By Shantanu Guha Ray
In a signature column last Sunday, Laxmi Ratan Shukla — nicknamed “The Owl” for his ability to remain awake for long hours in the night — lamented why no player from Bengal made it any of the Indian Premier League (IPL) clubs.
The former India all-rounder, who retired last December from all forms of the game, was - actually - venting his ire on Bengal’s cricket coach, Sairaj Bahutule whom he had not liked ever since Bahutule assumed charge of the Bengal XI. More importantly, Shukla was — actually — pointing a finger at the management of the game in his state under the current president of Cricket Association of Bengal (CAB), Saurav Ganguly.
It is common knowledge in Kolkata that Shukla has not loved his days in the Bengal cricket team ever since the former Indian skipper — helped largely with a push from state Chief Minister Mamata Banerjee herself — assumed the top slot at CAB. As expected, Shukla’s potshot at Ganguly sank without trace and Bahutule did not even bother to comment.
So deftly, Shukla turned his column from a nightmarish Ranji performance to the standard What’s-happening-with-Bengalis debate.
The debate is funny and, over the years, have acquired many titles, the most popular being Jago Bangali (it translates into Wake Up Bengali), which sparks up every now and then across Bengal, and in cities like Delhi which has a sizeable Bengali presence.
Yet, the slogan is a far cry from the Marathi Asmita debate that surfaces every time Maharashtra goes for an assembly poll. For the records, even the ruling Trinamool Congress and the opposition Left parties have never felt the need to stoke the The Future Bengali debate which continued to raised its head every now and then, only to disappear like the fish catcher black birds found in abundance lakes all over Bengal.
But of late, the issue of Bengali issue has become an interesting point of conversation in the politically-sensitive state, and among Bengalis outside Bengal.
Much before Shukla used the IPL wand to raise his point of view, the debate had surfaced some weeks ago when Mohun Bagan coach Sanjay Sen described his team’s 0-6 drubbing in an AFC league encounter against a superior Shandong Luneng, as a “rude lesson”. Sen told a reporter who had called him in China from Kolkata that the result shook him out of his “day dreams”, showed him the standards of soccer in a state which once dominated whatever little football happened in India. Sen also remembered how Kolkata clubs have been blaming the Indian Soccer League (ISL) for destroying the very base of the game at home.
In China, the Chinese showed him how hollow was the base of football in Bengal. It was quite natural for Sen to return to his roots, asking the quintessential question: Where are you, O’ Bengali, or Where is your once-classy soccer?
There were others who were waiting to jump into the race and push the debate to a higher level of argument. Among them were some of the big names in Bengal. At the recent Kolkata Book Fair, writer Amitava Ghosh, whose third volume of the Ibis trilogy, Flood of Fire, got positive reviews, was worried about the state of Bengalis in India, actually he was worried about the lack of big ideas from Bengalis. Ghosh, claimed those at the fair, was distinctly unhappy at the lack of new writers from the state. But he was not alone.
Giving him company was the legendary Amartya Sen, who has already blamed Bengalis for thinking too much about Netaji Subhas Chandra Bose and urged Bengalis to consider disappearance mystery of the iconic freedom fighter as a closed chapter. And then, in the same breath, he said he missed the “thinking Bengalis, the progressive Bengalis”.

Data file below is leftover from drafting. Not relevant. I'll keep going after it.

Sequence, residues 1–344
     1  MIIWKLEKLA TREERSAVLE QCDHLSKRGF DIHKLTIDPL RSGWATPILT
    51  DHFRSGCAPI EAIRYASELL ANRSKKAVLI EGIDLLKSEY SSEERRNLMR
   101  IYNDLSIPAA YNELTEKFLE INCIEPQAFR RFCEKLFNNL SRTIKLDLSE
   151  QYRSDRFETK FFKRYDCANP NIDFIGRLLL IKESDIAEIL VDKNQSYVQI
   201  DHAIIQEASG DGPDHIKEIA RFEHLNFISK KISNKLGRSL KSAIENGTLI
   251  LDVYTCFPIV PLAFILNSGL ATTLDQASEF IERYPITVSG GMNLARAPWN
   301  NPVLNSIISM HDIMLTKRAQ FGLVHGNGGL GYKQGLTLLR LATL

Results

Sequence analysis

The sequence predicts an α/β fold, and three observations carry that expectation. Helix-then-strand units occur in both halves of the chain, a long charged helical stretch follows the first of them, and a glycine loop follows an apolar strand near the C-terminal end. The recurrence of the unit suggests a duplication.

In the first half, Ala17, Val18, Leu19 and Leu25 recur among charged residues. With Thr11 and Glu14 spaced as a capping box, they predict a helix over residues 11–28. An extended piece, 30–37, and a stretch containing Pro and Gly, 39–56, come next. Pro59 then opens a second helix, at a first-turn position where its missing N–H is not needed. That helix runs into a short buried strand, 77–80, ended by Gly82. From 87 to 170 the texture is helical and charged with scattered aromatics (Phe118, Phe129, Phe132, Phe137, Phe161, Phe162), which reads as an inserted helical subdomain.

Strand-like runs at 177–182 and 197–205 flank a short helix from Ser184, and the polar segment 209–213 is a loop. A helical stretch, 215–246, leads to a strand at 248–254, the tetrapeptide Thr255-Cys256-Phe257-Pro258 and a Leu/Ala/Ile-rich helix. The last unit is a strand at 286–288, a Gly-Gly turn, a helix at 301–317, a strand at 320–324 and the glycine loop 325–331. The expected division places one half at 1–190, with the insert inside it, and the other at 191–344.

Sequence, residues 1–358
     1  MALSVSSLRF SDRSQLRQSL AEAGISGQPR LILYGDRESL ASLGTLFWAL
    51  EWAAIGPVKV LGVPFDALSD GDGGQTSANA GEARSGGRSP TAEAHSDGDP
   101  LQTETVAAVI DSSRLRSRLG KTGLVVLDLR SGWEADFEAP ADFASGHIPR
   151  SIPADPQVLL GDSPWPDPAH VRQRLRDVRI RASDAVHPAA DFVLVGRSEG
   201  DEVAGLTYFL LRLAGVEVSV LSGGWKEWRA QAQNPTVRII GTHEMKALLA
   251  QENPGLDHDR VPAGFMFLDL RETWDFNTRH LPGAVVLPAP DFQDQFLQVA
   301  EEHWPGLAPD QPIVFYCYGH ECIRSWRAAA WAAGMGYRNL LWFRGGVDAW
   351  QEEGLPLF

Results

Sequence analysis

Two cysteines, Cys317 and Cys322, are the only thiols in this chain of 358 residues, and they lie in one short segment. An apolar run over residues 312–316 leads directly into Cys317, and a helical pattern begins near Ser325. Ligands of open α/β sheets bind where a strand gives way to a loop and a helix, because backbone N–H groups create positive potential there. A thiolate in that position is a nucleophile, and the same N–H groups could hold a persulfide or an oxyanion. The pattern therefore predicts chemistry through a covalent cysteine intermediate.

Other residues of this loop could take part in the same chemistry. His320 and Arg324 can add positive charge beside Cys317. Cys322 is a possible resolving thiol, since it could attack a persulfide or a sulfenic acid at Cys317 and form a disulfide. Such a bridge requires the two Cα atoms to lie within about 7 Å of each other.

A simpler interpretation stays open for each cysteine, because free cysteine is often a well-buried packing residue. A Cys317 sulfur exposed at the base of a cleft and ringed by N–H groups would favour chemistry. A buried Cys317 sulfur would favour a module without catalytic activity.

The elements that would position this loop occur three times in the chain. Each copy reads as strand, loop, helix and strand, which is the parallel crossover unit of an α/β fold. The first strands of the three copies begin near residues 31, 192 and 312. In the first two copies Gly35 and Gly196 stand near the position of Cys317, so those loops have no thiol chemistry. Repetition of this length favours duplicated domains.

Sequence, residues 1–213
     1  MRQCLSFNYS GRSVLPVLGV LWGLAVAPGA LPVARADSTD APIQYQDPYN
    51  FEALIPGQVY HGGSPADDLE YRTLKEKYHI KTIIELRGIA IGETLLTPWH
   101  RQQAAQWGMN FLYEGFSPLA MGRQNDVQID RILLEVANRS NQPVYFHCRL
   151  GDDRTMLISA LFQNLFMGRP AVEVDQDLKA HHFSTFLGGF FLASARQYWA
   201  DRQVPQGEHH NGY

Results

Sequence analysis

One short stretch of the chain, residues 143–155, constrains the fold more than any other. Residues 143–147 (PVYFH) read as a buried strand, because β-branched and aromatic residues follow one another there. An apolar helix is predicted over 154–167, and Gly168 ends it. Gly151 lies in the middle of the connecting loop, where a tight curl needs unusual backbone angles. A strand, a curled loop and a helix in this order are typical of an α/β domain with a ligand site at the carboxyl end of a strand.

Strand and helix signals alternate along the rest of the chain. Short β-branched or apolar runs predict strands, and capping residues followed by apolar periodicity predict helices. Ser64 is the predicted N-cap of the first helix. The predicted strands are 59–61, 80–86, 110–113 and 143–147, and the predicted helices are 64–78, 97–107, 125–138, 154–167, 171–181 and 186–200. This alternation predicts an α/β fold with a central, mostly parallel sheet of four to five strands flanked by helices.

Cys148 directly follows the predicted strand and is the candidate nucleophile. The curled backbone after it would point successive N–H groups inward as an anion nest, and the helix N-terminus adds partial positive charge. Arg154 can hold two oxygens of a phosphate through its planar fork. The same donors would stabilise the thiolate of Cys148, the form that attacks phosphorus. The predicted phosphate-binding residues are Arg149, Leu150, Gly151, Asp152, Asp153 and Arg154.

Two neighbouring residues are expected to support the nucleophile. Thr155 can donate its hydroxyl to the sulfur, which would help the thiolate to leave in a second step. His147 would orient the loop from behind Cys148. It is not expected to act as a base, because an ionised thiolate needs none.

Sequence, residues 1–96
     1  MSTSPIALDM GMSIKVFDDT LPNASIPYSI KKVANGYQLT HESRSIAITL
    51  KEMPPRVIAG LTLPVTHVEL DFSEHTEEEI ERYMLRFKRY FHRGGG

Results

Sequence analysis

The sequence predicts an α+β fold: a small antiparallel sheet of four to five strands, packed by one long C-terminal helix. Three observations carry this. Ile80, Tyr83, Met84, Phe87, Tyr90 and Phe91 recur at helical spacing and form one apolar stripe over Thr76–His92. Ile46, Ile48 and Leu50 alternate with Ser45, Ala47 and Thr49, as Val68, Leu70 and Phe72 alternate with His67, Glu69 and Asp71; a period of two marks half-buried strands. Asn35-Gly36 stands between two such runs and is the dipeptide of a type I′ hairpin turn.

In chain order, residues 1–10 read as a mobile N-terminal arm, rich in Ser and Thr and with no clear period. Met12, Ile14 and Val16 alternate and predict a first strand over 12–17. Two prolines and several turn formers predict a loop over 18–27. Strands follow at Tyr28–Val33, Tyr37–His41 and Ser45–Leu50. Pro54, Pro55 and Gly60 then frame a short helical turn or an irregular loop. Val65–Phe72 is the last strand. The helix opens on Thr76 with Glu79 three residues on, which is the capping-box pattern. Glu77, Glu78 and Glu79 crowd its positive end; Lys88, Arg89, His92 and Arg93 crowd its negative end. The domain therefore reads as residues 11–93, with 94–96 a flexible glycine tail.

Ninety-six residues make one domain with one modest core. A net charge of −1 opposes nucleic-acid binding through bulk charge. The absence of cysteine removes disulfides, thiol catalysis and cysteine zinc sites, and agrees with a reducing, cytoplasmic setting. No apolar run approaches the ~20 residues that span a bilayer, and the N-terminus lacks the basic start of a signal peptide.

Sen’s friends even argued that Bengal’s biggest film production company, Venkatesh Films, was owned by Sreekant Mohta, a Marwari and Dhanantari, the biggest chain of medicine stores - it has a tagline Bangalir Gorbo, Bangalir Asha (which translates into Bengalis Pride, Bengalis Hope) - is also not owned by a Bengali. They argued how Shankar, Ehsaan and Loy performed at the closing ceremony of global Bengali debates in far flung America, they all sounded genuinely worried without offering a single solution to their crisis.
But raising the same point like Sen in faraway Delhi was Adhir Chowdhury, a Congress MP from Bengal who said his eviction from a government bungalow this month was only because “no one cares for Bengal, or for that matter, Bengalis at the Centre”.
In the very city where Chowdhury lost his home, the Bengal Association, which often wonders why it is less powerful than the Tamil and Malayalee associations which gets cabinet ministers and top bureaucrats to light lamps with a flicker of a notice, routinely asks its members to push the Grow Bengali agenda without much success.
At a recent, daylong seminar, the association invited some big Bengali names, the list including veteran soccer player Chuni Goswami and Prasar Bharati CEO Jawhar Sircar, to talk on an overarching topic: Bengalis - Yesterday, Today and Tomorrow. The idea - two sessions spread over a lavish lunch of fish and chicken - was to understand whether Bengalis were lagging behind in areas they once dominated. Sircar said he was not worried about Bengalis lagging behind - the nation’s First Citizen is a Bengali - but he did admit not many were following the language, a genuine problem for generation next Bengalis.
Goswami, on the other hand, was all at sea to explain why Bengalis were not even matching up to what he described as an unacceptable standard of football in India. He agreed cricket’s magnetic pull was far stronger, there was more cash in the willow game and it was important to get more foreigners to make Indians (read Bengalis) learn football.
Probably, the ageing footballer had, actually, understood the futility of the debate.